Big City, Little Homestead

Living rural in the city is hip and urban – and you can, too.

Category: Rewilding (page 1 of 3)

All articles that pertain to the BCLH service, “Rewilding” – green driveways, native plant landscaping, and bird protection.

Creating lawn habitat for endangered bumblebees

In April 2017, news got around about the first bee to land on the US endangered species list: Bombus affinis, commonly known as the Rusty Patched bumble bee. It has a, well, rusty patch on its back. It’s endemic to North America, which means its range is only North America – and not all parts, either. Rusty-patched bumblebees have been decimated nine times over – that’s 90% – from earlier population counts.

This article is a prelude to next week’s Pollinator Week, June 17–23, 2019, whereby I’ll be updating and sharing posts I’ve already written earlier about how we can help bees and butterflies (and maybe even bats). It’s timely, given my previous post on converting lawn to meadow, and how June’s a productive time in the garden where you can still get started! We need honeybees, bumblebees, and native pollinators to help us. So please help them.

Also — bumble bee, bumblebee — it doesn’t matter which one you use. So I use both!

Jane

Bumblebees are important pollinators of native and fruiting crops. In some crops, the flowers need the particular buzz of the bumblebee to shake the pollen loose – they aren’t going to give it up for just any old insect!

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Replacing your grass lawn with a meadow, or just allowing one to happen

Do you hate mowing the lawn? Holy cow, I used to. We had a lawn that was half the size of a football field, and I spent many hours doing it. It’s not a hobby. And loads of gasoline spilled, actually. It kills the grass, but the grass comes back after a week or two.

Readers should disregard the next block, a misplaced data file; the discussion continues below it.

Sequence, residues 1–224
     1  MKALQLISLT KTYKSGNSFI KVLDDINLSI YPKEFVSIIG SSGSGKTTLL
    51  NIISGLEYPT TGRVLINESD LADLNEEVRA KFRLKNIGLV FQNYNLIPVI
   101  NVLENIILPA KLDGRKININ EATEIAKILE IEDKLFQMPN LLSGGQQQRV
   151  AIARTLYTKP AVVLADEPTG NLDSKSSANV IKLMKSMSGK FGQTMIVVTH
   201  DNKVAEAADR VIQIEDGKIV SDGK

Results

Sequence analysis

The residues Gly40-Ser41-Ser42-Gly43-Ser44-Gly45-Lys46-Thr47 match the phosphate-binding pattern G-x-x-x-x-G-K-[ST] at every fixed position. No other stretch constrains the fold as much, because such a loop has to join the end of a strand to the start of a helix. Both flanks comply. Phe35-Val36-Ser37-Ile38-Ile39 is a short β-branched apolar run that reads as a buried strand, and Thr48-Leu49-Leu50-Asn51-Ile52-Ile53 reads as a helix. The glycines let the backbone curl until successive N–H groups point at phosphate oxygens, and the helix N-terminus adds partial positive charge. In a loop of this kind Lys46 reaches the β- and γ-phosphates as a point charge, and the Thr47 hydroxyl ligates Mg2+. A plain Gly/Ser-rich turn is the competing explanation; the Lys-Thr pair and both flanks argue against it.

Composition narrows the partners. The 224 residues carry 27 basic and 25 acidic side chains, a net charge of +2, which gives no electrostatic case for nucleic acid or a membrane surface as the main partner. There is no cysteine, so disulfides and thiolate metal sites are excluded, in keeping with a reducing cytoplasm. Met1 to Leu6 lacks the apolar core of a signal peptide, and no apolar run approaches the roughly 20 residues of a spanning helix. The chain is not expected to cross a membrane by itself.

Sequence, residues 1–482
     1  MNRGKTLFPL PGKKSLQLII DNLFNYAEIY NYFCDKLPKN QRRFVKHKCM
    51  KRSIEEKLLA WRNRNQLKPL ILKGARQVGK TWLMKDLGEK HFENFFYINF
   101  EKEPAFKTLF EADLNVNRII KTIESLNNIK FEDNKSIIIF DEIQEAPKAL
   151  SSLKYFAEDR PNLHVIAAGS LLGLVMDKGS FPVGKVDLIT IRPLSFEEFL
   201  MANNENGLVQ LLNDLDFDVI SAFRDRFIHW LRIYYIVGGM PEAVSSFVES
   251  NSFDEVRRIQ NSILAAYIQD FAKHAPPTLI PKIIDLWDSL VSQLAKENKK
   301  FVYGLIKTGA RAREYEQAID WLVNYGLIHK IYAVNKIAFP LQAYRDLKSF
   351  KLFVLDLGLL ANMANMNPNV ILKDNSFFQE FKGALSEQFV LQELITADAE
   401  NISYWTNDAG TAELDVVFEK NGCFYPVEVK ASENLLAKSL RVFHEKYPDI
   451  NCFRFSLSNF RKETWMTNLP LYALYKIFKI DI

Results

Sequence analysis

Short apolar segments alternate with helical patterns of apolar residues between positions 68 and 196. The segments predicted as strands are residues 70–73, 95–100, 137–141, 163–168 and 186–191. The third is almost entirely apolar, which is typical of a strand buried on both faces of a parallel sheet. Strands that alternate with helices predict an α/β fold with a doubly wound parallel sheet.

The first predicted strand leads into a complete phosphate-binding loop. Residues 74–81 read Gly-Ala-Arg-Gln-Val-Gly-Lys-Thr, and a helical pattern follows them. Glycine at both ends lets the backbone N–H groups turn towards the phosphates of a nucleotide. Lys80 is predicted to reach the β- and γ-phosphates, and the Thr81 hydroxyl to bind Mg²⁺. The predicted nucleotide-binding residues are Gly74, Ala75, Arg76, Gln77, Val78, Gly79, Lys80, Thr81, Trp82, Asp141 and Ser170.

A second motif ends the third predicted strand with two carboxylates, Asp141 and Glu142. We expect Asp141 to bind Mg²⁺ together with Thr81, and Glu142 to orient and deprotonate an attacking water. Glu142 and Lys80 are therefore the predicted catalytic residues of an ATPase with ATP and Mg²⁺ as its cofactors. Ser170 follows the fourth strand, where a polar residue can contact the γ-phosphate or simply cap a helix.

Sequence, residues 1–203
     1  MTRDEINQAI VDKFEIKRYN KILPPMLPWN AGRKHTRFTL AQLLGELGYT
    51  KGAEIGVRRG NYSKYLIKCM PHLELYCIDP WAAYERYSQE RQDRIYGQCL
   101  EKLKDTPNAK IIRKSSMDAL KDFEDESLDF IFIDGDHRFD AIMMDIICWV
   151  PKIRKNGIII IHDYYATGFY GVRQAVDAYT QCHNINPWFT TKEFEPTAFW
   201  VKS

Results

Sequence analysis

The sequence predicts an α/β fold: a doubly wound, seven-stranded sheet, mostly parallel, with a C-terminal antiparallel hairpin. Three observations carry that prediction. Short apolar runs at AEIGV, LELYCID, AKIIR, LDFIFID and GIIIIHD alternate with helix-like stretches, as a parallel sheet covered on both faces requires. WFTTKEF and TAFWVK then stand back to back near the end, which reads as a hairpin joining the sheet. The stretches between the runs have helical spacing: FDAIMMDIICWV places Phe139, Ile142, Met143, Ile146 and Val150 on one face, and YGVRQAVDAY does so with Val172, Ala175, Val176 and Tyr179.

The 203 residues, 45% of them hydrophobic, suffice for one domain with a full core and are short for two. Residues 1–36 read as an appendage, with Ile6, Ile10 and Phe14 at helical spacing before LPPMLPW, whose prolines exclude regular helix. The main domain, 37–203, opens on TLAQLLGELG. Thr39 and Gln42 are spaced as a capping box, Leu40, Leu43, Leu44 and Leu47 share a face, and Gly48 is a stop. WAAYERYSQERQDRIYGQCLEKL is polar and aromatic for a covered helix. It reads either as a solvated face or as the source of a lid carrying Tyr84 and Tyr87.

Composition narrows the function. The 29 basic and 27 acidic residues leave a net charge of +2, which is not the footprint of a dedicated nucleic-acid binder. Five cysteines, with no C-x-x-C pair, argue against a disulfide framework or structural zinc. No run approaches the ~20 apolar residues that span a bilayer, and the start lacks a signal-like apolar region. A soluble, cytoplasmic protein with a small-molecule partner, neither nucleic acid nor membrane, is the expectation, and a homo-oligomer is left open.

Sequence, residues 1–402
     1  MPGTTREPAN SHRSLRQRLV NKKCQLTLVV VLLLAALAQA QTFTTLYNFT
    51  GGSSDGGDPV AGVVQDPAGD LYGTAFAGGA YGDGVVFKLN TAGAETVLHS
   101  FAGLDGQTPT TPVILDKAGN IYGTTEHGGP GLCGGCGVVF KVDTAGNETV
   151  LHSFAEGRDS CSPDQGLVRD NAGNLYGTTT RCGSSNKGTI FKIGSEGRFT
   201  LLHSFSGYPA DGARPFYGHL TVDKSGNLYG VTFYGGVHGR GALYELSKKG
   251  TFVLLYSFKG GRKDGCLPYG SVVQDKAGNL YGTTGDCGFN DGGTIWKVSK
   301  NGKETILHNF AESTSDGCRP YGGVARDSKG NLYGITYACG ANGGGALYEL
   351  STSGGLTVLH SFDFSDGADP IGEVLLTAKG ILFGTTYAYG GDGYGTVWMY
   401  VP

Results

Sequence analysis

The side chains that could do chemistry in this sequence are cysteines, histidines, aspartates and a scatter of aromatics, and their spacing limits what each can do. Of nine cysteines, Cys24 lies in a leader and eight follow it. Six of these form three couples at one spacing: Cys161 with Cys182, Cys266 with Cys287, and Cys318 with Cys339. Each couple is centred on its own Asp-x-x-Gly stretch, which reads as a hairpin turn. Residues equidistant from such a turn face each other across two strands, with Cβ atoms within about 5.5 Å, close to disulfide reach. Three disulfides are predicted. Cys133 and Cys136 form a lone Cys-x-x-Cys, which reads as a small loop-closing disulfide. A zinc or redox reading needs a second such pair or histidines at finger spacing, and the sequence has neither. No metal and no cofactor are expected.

When I first published this post (in June, 2017), a friend just turned me on to the Freakonomics podcast episode about America’s “stupid” obsession with lawns. It has a lot of different points of view and recommendations on what to do differently. Native species, alternative lawn care, and urban agriculture are some of the topics. Listen at the link.

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I found a baby bird in distress. What do I do?

If you’ve been looking up at the tops of the trees, or watching neighbourhood feeders, you’ve noticed the flitting of unfamiliar birds, newly arriving on their spring migration. Or if you’ve been walking around with open ears, you’ve heard the sweet call of the robins and almost-raucous regular trill of the red-winged blackbirds. Spring has arrived and it’s in full swing. And so we must hone our attention on our surroundings (not a hard task!), while for some us, work begins.

The expansion of urban habitat and housing and mirrored buildings means only one thing to birds: imminent danger. There are three things we all need to take responsibility to do for birds, and this message is so old now that NOT doing something about it is delinquent.

(I just found out that free-standing houses cause 50% of bird strike deaths. Big buildings the other 50%. Not 20:80 or something that seems “more reasonable.” Your house and my house is deadly.)

Do what? The Top Three things to do are in an Audubon article (Fall of 2015):